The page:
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Tired of hearing the same thing over and over again about Apple (NASDAQ:AAPL)? How many times can one read an article about PE compression or margins or whether the company will deliver a special dividend?

So I'll discuss something no one has noticed before. There are no slew of articles about this Apple fact. The subject is critical to understanding Apple. To my knowledge, no one has done this simple calculation and compared it to other large cap names.

The data has been staring everyone in the face for years.

Apple's shares turn over more rapidly than just about every other large cap company. Literally, shares change hands so quickly that in the last two months, 920 million shares traded - almost the size of Apple's available float.

The math behind the assertion: Over the last month, an average 22 million shares have traded daily. With a float of 940 million shares, that comes to 2.3% of all shares are bought and sold. In other words, an amazing 48% of Apple's shares, or 460 million shares, found new homes in November.

None of the other twelve largest market cap companies turn over at this lightning pace. Not even close. The two charts below show the daily trading volume as a percentage of the share float for the twelve next largest corporations. Microsoft (NASDAQ:MSFT), IBM (NYSE:IBM), Oracle (NYSE:ORCL), and Qualcomm's (NASDAQ:QCOM)'s daily trades amount to less than 0.8% of their float, a fraction of Apple's. Google (NASDAQ:GOOG) and Intel (NASDAQ:INTC)'s share turnover is about half that of Apple.

(Data sourced from average daily share trades in a month divided by available float.)

Other large stocks have an even slower share turnover - Exxon-Mobil (NYSE:XOM), Walmart (NYSE:WMT), GE (NYSE:GE), AT&T (NYSE:T), Pfizer (NYSE:PFE), and Visa (NYSE:V) turn over less than 0.5% a day. Exxon shares turned over 0.26% a day, nearly a tenth of Apple's rate.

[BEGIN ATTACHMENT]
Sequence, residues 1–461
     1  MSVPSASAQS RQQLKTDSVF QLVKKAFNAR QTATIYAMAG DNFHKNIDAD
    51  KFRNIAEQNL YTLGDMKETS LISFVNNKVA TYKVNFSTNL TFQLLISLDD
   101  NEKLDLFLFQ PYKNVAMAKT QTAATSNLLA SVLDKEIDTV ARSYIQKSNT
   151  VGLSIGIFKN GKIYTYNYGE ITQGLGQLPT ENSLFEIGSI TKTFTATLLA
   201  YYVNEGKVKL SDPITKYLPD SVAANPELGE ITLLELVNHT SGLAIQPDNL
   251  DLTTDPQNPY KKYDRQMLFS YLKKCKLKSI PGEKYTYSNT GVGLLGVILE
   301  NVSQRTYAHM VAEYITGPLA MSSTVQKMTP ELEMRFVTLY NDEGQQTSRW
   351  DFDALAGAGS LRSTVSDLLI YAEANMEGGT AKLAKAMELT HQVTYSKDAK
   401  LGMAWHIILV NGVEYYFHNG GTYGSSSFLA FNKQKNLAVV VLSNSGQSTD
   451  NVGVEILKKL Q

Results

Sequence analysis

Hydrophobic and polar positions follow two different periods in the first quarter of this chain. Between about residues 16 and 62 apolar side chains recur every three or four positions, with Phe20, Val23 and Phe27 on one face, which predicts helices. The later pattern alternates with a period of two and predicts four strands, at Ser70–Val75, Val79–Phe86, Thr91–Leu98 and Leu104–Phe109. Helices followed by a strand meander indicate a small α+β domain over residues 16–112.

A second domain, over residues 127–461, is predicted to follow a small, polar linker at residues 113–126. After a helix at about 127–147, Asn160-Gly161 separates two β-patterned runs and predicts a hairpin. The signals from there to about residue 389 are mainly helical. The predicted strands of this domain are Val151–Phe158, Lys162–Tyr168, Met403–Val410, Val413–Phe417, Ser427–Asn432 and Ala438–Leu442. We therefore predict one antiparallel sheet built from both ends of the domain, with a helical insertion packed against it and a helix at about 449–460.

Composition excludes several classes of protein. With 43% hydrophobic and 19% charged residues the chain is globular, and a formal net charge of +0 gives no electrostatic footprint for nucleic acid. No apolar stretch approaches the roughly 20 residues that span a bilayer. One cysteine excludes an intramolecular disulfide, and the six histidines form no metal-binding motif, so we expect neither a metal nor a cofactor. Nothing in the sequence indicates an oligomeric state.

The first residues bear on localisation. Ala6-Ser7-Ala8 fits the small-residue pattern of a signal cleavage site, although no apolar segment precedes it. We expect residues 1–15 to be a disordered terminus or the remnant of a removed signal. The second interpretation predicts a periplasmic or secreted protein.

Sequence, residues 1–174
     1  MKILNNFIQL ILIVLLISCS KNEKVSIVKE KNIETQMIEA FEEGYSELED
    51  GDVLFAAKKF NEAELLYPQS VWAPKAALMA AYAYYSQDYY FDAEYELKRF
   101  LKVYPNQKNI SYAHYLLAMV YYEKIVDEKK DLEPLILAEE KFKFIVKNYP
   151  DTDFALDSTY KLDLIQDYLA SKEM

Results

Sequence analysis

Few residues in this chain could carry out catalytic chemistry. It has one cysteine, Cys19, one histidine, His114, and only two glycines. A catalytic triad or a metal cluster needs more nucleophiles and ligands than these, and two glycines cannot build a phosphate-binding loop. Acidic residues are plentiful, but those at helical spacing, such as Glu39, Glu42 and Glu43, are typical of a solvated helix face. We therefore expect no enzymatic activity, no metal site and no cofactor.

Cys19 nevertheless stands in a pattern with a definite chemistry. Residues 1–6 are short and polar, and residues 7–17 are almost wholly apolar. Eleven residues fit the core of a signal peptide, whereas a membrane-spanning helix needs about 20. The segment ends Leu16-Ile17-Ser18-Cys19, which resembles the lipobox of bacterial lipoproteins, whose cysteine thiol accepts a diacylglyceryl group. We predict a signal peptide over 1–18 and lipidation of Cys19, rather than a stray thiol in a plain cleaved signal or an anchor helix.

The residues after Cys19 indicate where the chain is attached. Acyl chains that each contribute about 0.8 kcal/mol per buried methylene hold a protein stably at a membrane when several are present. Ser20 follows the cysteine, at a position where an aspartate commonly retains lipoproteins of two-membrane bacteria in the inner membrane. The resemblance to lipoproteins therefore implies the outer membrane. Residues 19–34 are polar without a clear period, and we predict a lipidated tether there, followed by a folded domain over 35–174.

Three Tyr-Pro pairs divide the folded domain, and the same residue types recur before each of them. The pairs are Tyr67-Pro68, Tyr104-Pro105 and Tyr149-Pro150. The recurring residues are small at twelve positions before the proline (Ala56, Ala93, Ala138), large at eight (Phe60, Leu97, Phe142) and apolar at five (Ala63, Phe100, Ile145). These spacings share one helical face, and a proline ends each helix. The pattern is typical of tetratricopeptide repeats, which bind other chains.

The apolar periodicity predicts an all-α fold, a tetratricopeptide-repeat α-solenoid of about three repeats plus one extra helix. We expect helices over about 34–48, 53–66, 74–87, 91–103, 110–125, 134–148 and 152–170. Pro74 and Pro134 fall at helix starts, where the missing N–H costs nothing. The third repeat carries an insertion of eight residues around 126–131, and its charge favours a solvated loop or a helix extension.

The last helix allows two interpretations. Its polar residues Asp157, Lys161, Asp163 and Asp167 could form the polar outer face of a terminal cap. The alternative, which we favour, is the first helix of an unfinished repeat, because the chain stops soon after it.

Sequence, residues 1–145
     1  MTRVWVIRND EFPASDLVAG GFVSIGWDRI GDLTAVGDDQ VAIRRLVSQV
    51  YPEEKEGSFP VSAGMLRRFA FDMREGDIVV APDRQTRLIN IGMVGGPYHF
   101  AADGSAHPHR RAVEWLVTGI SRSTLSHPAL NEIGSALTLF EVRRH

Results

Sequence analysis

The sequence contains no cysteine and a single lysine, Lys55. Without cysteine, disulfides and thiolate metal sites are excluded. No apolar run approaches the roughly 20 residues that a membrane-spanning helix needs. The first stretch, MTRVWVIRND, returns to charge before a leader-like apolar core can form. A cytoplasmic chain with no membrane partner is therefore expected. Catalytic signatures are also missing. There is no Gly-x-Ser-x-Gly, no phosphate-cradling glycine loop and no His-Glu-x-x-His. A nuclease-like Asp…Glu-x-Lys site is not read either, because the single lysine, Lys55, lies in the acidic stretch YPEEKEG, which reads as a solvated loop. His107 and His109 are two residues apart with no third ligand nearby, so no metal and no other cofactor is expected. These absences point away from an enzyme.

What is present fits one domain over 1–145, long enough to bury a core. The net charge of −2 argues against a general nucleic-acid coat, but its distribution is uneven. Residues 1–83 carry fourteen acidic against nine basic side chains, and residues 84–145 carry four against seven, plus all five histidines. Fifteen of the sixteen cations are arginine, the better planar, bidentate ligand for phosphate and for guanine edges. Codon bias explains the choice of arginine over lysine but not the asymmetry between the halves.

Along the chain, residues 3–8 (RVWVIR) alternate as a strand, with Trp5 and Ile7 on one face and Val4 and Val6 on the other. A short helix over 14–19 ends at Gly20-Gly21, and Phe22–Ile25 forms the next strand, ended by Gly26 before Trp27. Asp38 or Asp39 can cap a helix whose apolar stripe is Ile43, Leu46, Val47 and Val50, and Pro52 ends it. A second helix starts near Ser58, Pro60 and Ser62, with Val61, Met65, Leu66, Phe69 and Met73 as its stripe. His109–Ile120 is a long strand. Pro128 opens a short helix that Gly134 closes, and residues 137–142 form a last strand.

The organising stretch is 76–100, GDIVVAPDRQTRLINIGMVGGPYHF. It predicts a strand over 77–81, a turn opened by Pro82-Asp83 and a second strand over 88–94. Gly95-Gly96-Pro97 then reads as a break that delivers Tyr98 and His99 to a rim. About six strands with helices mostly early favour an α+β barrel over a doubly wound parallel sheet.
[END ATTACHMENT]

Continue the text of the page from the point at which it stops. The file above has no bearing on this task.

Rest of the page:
(Data sourced from average daily share trades in a month divided by available float.)

Investors are blitz trading Apple on a level rarely seen in large cap companies. (You can't really accuse Apple investors of being diehard fanboys. True fanboys wouldn't abandon their Apple shares like this!)

This Has Been Going On A Long Time

Apple has had a high share turnover for years. Daily trading volume averaged 20 million in 2011, 28 million in 2010, 28 million in 2009, 40 million in 2008, and 35 million in 2007. An incredible 4% of Apple's shares traded daily in 2008. In other words, 83% of outstanding stock found a new home on average each month in 2008.

Since 2008, shares have increased 220% - so the whipsaw trading hasn't been the kiss of death.

The implications

1. Sure there are investors who have held their Apple positions for 10 years and have not sold a single share, but they represent only a tiny portion of Apple owners. Long-term investors are a vanishing breed. Shares are traded at lightning speed. It pays to know who's in the trenches. The "other guy" thinks holding onto Apple a long time means keeping your shares until Thursday.

2. It's a good bet that a lot of long-term capital gains were harvested since Apple's high of $701 back on September 21. After all, more than 80% of Apple's outstanding shares have traded since that high. Selling to lock-in gains is likely over.

3. Those investors who can keep their head and trade on the fundamentals are at an advantage. Historically, Apple investors have been easily parted from their shares. Apple has had many periods when share price has dropped by 25%. Those that held through it all were amply rewarded. Those who bought into the panic did even better. This time isn't any different.

Source: Apple: Trading Faster Than The Rest

Additional disclosure: Disclaimer: The opinions in this document are for informational and educational purposes only and should not be construed as a recommendation to buy or sell the stocks mentioned. Past performance of the companies discussed may not continue and the companies may not achieve the earnings growth as predicted. The information in this document is believed to be accurate, but under no circumstances should a person act upon the information contained within. We do not recommend that anyone act upon any investment information without first consulting an investment advisor as to the suitability of such investments for his specific situation.